You've found a farm to buy. Now what?

Sunset silhouette of two farmers in the field.

The method of your purchase shapes the offer process.

The offer process may vary depending on whether your purchase is through a real estate agent or private sale.

Going through a real estate agent simplifies the process a bit for buyers and parallels a home purchase. Typically, the agent prepares the necessary documents, such as a standard offer form, puts your down payment into a non-interest-bearing escrow account and works with a title company to clear the title.

Now suppose your landlord unexpectedly passes away and his heirs want to sell the farm ground you have been renting for years. This process is tougher to work through than a listing from a real estate agent because you will need to do more of the legwork, beginning with negotiating an offer and handling the details of an offer to closing on the deal.

Negotiating the Offer

Negotiating a purchase price can be intimidating. A real estate agent can guide you through the price or range listed on the farm. If you are not working with an agent, you will negotiate the price directly with the seller. In cases where the land isn’t listed, you may need to call the seller and have a conversation about price. Usually, neither party likes to be the first one to throw a number out. However, as a buyer, you can be prepared by researching land values in the area or other appraisal data that may be available near that location. But keep in mind, each property is different, so it may not be a perfect comparison.

When making an offer, be transparent about how you arrived at your number – the data you looked at, the process you followed. This will give you better leverage for negotiating.

If there is an established relationship with the seller or emotions are involved, be aware that negotiations can be tough. No one wants to insult a seller or ruin an existing relationship.  In these cases, it’s more important than ever to do your homework and be informed.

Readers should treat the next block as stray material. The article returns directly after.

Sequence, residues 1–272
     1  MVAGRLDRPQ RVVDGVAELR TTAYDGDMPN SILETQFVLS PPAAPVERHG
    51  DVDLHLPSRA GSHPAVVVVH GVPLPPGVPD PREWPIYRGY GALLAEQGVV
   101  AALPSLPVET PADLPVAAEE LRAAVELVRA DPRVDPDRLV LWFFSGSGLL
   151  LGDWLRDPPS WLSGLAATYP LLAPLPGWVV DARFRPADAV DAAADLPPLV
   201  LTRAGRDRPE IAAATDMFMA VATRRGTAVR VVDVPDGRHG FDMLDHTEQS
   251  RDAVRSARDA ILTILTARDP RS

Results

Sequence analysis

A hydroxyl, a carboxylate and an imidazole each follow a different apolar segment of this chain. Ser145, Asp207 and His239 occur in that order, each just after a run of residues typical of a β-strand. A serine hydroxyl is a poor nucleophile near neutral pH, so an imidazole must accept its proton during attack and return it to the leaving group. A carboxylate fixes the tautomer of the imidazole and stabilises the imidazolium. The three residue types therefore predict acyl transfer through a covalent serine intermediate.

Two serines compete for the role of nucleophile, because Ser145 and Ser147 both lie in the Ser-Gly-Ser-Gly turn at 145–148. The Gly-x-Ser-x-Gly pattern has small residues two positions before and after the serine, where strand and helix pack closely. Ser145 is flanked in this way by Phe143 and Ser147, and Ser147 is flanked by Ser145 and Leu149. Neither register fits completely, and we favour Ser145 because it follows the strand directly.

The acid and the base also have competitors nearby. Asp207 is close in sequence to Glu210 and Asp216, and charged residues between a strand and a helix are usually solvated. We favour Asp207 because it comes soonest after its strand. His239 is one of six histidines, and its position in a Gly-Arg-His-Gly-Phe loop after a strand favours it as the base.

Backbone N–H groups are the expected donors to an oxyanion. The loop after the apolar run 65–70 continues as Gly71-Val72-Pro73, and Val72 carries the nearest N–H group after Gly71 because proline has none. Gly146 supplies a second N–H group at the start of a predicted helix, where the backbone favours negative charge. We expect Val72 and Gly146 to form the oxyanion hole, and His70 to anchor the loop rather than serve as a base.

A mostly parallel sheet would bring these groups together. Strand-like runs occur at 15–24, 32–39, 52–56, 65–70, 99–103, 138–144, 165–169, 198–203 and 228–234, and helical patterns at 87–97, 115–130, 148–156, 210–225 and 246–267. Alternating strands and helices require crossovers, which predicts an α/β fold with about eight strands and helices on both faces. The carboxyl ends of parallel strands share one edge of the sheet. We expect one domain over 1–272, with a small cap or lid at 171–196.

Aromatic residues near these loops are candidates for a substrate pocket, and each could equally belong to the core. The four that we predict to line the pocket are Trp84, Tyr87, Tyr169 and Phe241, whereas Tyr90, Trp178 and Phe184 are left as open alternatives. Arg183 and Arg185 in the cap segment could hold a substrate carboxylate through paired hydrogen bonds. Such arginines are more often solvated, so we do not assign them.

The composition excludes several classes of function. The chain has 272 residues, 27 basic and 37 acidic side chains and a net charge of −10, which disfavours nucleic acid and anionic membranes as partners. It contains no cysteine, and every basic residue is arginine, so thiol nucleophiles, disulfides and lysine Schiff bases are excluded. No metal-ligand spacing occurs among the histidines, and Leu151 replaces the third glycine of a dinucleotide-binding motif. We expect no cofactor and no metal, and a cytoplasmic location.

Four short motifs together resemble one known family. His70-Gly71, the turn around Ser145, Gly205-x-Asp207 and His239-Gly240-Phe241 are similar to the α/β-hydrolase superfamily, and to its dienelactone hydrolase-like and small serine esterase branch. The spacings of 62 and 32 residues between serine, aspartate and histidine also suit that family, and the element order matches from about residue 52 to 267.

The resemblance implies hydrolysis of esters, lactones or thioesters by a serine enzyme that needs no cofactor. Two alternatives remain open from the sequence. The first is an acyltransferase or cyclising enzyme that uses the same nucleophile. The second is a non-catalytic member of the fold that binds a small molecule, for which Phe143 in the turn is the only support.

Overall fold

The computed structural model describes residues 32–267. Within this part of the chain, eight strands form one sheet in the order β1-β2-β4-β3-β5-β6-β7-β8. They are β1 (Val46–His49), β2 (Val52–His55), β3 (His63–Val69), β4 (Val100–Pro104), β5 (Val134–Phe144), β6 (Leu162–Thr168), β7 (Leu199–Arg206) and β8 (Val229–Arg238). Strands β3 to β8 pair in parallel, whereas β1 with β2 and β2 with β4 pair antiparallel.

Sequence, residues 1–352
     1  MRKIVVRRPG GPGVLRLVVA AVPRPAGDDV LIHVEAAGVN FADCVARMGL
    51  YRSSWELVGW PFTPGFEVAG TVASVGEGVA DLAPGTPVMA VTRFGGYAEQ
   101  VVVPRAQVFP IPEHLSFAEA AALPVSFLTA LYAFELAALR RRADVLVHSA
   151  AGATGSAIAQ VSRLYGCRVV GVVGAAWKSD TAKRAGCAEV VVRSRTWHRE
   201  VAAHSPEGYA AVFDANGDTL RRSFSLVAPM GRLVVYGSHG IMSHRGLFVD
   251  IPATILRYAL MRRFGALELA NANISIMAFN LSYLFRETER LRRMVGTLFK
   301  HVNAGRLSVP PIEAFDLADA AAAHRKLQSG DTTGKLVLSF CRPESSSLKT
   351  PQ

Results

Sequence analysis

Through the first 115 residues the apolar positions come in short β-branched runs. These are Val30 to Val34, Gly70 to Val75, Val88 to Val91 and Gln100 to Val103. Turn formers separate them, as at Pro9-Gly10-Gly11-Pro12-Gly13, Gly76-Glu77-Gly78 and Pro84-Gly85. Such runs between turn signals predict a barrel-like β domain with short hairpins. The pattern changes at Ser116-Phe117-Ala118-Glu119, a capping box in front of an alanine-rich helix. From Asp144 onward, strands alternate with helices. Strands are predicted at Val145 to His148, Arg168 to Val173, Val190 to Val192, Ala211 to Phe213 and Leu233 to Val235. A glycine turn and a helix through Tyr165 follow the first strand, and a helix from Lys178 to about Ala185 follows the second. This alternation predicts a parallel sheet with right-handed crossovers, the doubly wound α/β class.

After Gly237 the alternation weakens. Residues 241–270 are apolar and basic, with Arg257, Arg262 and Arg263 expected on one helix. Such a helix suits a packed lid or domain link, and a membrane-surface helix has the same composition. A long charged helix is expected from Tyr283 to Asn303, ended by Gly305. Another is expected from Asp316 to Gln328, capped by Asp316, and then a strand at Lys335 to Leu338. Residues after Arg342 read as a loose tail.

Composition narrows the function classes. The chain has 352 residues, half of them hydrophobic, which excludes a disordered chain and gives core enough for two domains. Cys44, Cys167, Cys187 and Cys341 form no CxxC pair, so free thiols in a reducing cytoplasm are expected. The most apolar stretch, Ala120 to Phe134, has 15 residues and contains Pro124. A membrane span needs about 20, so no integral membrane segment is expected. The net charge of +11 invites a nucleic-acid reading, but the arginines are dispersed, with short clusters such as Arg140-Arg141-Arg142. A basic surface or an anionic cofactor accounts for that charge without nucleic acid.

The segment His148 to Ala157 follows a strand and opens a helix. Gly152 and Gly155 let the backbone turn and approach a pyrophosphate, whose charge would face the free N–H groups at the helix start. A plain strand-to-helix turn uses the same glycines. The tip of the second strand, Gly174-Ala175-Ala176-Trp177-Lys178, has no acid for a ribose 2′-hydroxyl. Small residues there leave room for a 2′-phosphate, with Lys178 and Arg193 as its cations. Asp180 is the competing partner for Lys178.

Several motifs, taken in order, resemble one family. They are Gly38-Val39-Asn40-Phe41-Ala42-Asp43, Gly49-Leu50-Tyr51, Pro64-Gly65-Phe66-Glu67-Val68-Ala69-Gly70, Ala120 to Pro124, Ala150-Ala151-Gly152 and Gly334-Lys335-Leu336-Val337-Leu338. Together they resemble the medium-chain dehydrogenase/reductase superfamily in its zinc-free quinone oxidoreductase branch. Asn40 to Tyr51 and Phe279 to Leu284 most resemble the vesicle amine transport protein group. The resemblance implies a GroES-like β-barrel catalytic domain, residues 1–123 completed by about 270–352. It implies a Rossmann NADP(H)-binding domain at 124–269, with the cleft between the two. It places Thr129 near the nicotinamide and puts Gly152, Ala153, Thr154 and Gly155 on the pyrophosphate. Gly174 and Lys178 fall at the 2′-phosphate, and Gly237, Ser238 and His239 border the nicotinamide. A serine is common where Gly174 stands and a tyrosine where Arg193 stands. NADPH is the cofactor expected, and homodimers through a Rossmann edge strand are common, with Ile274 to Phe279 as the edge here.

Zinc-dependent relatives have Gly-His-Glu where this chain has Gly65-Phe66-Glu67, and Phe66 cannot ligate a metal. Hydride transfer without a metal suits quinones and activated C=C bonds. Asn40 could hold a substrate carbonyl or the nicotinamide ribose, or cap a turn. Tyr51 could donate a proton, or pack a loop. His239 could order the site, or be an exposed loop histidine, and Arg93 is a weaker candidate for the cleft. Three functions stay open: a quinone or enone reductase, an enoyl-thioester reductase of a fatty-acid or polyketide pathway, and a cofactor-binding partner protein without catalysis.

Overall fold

Preparing the Offer

Once you agree on a price, it’s a good idea to have an attorney draft a purchase agreement. If the seller has a purchase agreement drafted by an attorney, have your attorney review the agreement.

You’ll also want to work closely with your lender on the financing side in order to feel confident about making an offer and executing a purchase agreement.

A title company will help handle the details of the closing. All title companies are different, and some have more experience in farmland than others. It’s a good idea to get a recommendation from your lender or another person you trust.

Closing Documents

Several people will be involved in your closing process. This includes the seller, real estate agent (if applicable), title company and/or attorney as well as your lender.

The title company or attorney handling the closing should notify you of the closing date and what you will need to bring. Typically, there is a settlement sheet, which outlines who is responsible for the various fees outlined in the purchase agreement. There may also be a document that shows the proration of real estate taxes (e.g. who’s responsible for what part). A real estate form will also be provided and signed at closing (this makes sure the taxes get transferred over to the right person). The title company will let your lender know how much the mortgage or deed of trust needs to be made out for. Finally, if you’re putting money down, you will need to bring certified funds to the closing.

Transaction Period

If both the seller and buyer are motivated and serious, a transaction can move quickly and be completed in 45 to 90 days. But many factors will determine how long it takes to complete your transaction. For example, selling a farm in August with a crop on it can complicate things. You may do your negotiating in August. But closing might not happen until December or January and the buyer would get possession for the next crop year.

Possible Roadblocks

There are several situations that could delay or derail the process. Here are a few:

  • The title company discovers a lien on the property that the seller wasn’t aware of.
  • A previous lien wasn’t released by the bank when a loan was paid off.
  • The seller has past-due taxes that need to be brought current before closing.
  • An appraisal condition must be satisfied before closing.
  • Something happens with the buyer’s financing. It’s a good idea to put in the written offer that the purchase is subject to financing. This protects you by giving you an out in case your financing falls through.


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